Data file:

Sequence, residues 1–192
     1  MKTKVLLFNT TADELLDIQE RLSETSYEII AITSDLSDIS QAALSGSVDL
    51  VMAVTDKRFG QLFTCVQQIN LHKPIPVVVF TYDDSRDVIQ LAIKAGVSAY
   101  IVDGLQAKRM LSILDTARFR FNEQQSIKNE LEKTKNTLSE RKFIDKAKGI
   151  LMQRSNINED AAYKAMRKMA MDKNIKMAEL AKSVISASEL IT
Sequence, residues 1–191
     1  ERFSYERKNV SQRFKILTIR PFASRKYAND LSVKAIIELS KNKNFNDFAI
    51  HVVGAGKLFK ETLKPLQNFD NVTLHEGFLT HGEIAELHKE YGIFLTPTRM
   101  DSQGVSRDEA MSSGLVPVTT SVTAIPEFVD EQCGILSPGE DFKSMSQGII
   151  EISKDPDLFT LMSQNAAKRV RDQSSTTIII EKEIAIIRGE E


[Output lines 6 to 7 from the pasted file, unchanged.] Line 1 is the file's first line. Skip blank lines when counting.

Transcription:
Sequence, residues 1–191
     1  ERFSYERKNV SQRFKILTIR PFASRKYAND LSVKAIIELS KNKNFNDFAI